Scrum Teams commonly use Burn-up charts. They illustrate the gap between work done and work remaining. Scrum Teams use this to monitor their progress towards goals and to see the effects of scope creep on delivery dates.
What is a Burn-up Chart?
A burn-up chart is:
- A popular technique used by Scrum Teams
- Used to plot work done versus work remaining so we can assess how close we are to being finished
- Used to provide important information at a glance
Here’s one possible definition for the burn-up chart:
What is a Burn-up Chart used for?
A burn-up chart is useful for various reasons, including:
- Providing a visual representation on progress towards goals
- Show variations in the amount of work planned for the product and its effect upon delivery
- Explaining forecast delivery dates
The Scrum Guide requires Scrum Teams to inspect progress towards goals. While it is up to the Scrum Team to decide how to do this, the Scrum Guide offers us a hint and states ‘various practices exist to forecast progress, like burn-downs, burn-ups, or cumulative flows‘.
The Scrum Guide then clearly recognizes the benefits of burn-up charts. In addition, Scrum Teams commonly use them for measuring progress on the Sprint, the Release or the Product.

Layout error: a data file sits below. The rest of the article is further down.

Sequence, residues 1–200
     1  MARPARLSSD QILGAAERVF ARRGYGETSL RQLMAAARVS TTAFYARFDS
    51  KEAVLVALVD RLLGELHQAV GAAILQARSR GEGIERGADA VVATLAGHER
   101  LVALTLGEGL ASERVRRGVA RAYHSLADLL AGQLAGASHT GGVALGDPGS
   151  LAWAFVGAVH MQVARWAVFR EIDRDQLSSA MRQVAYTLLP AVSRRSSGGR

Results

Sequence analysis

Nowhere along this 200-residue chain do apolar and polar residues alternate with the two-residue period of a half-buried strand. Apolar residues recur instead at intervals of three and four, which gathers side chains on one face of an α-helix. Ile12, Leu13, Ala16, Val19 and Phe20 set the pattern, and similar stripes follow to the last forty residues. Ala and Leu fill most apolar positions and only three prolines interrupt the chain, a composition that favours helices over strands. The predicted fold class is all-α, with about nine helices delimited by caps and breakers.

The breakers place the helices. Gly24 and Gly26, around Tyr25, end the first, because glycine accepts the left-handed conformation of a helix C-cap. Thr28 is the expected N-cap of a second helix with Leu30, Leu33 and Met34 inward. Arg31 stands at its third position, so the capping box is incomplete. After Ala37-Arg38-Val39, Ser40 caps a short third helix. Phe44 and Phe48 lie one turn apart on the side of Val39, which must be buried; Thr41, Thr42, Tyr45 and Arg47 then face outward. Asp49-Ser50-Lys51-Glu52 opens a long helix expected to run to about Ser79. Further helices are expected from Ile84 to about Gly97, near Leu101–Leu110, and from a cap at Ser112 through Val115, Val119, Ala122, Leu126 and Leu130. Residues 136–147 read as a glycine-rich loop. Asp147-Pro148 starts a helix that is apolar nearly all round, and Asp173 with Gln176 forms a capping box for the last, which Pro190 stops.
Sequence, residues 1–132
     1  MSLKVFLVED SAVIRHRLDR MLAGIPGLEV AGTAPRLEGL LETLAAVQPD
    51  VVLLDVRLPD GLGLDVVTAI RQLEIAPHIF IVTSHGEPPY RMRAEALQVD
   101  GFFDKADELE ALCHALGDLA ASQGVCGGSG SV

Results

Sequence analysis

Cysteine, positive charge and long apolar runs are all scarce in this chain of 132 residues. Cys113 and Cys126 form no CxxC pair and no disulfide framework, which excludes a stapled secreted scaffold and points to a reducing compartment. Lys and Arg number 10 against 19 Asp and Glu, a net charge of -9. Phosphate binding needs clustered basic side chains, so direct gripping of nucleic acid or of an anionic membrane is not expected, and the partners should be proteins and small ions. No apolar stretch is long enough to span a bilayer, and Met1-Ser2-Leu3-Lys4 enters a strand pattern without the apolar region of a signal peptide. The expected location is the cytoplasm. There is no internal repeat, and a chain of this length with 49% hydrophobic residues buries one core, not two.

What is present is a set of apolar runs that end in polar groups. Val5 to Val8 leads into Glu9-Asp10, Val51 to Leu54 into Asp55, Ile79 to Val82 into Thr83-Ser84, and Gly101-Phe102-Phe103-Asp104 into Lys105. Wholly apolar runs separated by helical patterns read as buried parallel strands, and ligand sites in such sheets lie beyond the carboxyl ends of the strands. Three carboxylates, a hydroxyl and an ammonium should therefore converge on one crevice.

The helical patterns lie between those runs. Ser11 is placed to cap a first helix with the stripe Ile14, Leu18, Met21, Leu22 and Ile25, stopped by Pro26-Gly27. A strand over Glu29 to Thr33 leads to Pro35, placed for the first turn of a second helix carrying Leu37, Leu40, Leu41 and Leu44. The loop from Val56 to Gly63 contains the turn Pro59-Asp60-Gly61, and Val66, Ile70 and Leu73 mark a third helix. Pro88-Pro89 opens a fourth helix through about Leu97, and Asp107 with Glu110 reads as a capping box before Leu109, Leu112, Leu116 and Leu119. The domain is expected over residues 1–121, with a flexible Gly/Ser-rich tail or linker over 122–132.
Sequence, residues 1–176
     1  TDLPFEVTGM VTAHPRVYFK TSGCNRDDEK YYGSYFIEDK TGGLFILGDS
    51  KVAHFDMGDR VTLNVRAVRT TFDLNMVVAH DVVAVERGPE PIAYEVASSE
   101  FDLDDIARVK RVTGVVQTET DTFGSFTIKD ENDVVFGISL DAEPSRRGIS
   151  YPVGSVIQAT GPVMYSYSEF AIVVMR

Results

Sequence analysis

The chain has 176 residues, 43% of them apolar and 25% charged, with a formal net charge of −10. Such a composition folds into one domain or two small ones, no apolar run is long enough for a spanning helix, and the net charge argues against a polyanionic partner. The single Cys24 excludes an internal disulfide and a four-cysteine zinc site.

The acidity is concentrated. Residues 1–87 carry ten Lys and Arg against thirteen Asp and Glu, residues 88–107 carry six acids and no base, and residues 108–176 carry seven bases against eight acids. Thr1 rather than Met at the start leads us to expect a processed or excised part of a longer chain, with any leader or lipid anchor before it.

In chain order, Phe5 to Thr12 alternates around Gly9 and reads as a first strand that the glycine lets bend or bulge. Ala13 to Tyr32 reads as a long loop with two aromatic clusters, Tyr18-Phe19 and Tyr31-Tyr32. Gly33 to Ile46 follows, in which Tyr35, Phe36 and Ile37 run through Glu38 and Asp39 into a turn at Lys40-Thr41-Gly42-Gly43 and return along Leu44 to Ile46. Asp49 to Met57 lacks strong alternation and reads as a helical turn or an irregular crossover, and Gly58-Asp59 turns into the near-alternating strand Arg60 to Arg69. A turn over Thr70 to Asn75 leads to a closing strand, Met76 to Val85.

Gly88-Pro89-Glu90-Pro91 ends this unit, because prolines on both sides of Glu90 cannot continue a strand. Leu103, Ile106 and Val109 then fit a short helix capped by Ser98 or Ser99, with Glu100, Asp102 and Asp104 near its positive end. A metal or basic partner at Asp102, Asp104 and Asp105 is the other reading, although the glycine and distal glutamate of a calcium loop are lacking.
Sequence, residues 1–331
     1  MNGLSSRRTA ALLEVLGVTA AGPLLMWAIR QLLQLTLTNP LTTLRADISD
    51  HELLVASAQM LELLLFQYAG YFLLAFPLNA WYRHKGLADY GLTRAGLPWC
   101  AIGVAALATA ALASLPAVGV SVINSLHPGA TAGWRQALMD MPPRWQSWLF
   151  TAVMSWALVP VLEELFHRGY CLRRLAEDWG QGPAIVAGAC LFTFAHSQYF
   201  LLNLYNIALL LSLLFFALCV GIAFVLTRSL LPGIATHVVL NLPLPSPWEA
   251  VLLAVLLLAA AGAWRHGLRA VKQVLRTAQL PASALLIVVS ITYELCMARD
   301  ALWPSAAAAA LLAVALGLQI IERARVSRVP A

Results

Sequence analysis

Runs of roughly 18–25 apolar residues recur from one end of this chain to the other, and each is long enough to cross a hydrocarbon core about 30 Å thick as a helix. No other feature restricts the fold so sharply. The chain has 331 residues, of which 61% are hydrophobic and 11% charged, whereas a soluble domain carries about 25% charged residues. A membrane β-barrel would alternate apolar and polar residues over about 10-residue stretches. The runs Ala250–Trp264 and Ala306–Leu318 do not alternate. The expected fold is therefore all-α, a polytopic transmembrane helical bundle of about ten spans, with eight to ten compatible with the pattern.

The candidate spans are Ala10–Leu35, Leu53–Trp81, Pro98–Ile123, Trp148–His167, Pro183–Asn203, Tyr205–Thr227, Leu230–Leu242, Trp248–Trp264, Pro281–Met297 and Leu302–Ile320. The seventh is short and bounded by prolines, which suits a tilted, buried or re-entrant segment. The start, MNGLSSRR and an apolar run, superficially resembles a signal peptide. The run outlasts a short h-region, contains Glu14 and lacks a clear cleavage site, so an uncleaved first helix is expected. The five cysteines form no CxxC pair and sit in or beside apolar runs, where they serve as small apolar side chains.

How Do You Create a Burn-up Chart?
To create a burn-up chart, we first decide on the measurement units for the axes:
- The horizontal axis shows time. In our case, we’re using Sprints
- The vertical axis shows work. In our case, we’re using Story Points
Next, we need to know:
- How much work was done in each time period
- How much work remained in each time period
Here’s the sample data I’ll be using for our chart:
We then plot two different data lines on the chart. One shows the cumulative amount of work done. The other shows the total amount of work remaining. The image at the top of this article shows you how this might look with the blue blocks showing cumulative amount of work done and the orange line showing total work remaining.
Why Should I Use A Burn-up Chart Rather Than Any Other Technique?
There are a few reasons why you might choose the burn-up chart over other options:
- By comparison, the burn down chart doesn’t provide any information on variances in amount of work for the product
- The cumulative flow diagram is more complicated to create and to interpret
- It provides a compelling view on where we are, when presenting to people outside the Scrum Team (ie: stakeholders)
Forecasting Delivery with the Burn up chart
To create a forecast delivery date, we need to calculate the rate of change of the backlog (+10 story points per Sprint) and the average amount of work done each Sprint (22 story points). By extrapolating this data, we can forecast a delivery date in Sprint 26. Here’s how that might look:
Burn-up charts provide a lot of information. At a glance we can see:
- The amount of work done
- The amount of work remaining, and;
- The gap between these two points
From this, we can easily monitor scope creep and undesirable variances in work done and work remaining. The burn-up chart is also
- Quick and easy to create
- Readily consumed and understood
- Mentioned in the Scrum Guide
As a final benefit, the burn-up chart makes a great base for providing a forecast on when goals might be met.